I read these words a few weeks ago and have been thinking about them ever since. So often I find myself excusing my inaction/silence with the lie that I can always do/say it later – as if time, though scarce in the context of my mere lifetime, is something wholly in my control. Jesus’ brother James calls such a lifestyle boastful, for our lives are but “a puff of smoke that appears for a little while, then vanishes” (James 4:14b NET). How after all, can we speak of tomorrow, when we have no adequate grasp of what tomorrow will bring, let alone the next hour? Maybe it’s because we crave certainty – made evident by people’s firm hold to their political ideologies and theologies – and that desire for certainty manifests itself in a continual practice of envisioning an ideal future; a future that will happen because we tell ourselves it will; a future in which we can eventually say/do the things that we feel convicted to say/do in the present because such a future is convenient.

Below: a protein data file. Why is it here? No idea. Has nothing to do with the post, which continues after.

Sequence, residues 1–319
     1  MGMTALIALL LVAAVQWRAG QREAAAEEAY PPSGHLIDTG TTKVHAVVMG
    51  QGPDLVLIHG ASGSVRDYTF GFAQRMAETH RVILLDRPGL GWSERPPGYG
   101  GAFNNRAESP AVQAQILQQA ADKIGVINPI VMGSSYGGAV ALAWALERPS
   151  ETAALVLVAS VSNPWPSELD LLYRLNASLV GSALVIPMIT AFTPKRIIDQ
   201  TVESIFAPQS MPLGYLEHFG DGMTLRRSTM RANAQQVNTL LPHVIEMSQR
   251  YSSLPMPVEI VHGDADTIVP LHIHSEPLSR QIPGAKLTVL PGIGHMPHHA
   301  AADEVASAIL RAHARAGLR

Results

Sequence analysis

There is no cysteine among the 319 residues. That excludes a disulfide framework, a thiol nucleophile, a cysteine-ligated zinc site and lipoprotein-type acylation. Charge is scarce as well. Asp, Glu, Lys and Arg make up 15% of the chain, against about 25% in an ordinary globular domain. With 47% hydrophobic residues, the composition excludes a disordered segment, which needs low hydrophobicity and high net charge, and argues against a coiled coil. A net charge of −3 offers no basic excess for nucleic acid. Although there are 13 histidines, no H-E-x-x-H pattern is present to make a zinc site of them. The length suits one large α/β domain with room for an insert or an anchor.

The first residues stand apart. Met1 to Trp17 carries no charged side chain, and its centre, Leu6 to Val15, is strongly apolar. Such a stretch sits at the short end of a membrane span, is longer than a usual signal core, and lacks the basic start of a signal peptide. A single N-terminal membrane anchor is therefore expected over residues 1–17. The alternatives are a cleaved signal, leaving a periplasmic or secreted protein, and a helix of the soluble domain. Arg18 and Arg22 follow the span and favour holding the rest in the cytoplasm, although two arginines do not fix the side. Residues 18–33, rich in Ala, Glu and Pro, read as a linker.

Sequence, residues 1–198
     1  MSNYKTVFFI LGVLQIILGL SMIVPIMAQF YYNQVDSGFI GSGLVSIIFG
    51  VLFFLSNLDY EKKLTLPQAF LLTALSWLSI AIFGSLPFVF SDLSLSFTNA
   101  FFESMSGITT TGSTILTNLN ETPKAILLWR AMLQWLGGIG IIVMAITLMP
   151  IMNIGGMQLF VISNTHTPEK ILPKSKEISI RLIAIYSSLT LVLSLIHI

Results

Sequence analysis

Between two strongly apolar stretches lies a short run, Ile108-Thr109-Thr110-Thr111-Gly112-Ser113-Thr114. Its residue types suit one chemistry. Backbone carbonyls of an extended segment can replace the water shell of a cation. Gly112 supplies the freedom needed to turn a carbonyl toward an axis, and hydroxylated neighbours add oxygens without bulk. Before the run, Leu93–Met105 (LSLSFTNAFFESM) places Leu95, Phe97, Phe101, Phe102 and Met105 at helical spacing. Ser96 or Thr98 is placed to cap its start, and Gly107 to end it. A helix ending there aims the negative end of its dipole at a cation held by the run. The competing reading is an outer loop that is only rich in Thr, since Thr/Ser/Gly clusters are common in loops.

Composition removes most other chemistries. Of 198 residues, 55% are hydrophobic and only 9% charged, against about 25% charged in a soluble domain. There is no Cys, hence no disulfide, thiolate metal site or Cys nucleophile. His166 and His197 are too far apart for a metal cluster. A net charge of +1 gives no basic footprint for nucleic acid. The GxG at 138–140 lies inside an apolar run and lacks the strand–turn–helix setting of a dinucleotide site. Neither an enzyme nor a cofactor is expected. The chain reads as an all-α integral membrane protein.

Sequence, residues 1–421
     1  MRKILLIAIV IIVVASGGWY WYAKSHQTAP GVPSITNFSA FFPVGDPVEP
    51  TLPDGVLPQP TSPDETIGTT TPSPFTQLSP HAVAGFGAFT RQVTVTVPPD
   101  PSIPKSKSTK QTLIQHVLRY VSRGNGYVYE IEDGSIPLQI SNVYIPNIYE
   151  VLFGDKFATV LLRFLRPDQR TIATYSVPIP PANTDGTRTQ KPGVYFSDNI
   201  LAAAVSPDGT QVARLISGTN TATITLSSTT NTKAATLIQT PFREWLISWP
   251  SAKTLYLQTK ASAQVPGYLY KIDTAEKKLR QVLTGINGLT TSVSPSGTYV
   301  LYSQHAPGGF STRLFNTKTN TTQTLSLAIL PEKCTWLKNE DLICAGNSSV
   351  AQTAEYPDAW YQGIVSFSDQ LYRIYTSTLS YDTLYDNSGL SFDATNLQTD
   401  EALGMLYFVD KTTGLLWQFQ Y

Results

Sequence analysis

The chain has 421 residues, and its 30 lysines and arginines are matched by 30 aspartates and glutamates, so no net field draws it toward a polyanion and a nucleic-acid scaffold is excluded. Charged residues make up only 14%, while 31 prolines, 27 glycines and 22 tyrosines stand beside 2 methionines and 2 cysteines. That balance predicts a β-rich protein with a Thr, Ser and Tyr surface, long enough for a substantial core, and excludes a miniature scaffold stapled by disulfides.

What if instead of distracting ourselves with contemplation on a future that may or may not be, we lived into the reality that time – that is, the present moment before us – is all we ultimately have? Would we live differently? Would we make decisions, no matter how difficult and costly, with a greater sense of urgency? Would we say the things that need to be said, despite the momentary hurt that it may cause? Would we live a life attuned to our particular purpose instead of endlessly seeking conformity to the norms of the social constructs around us – of what is considered to be cool or successful or extraordinary?
I cannot help but think that we would. And maybe, just maybe, that is the life that we are called to. For whether or not we attribute divinity to the giver of the gift that is time, time remains exactly that.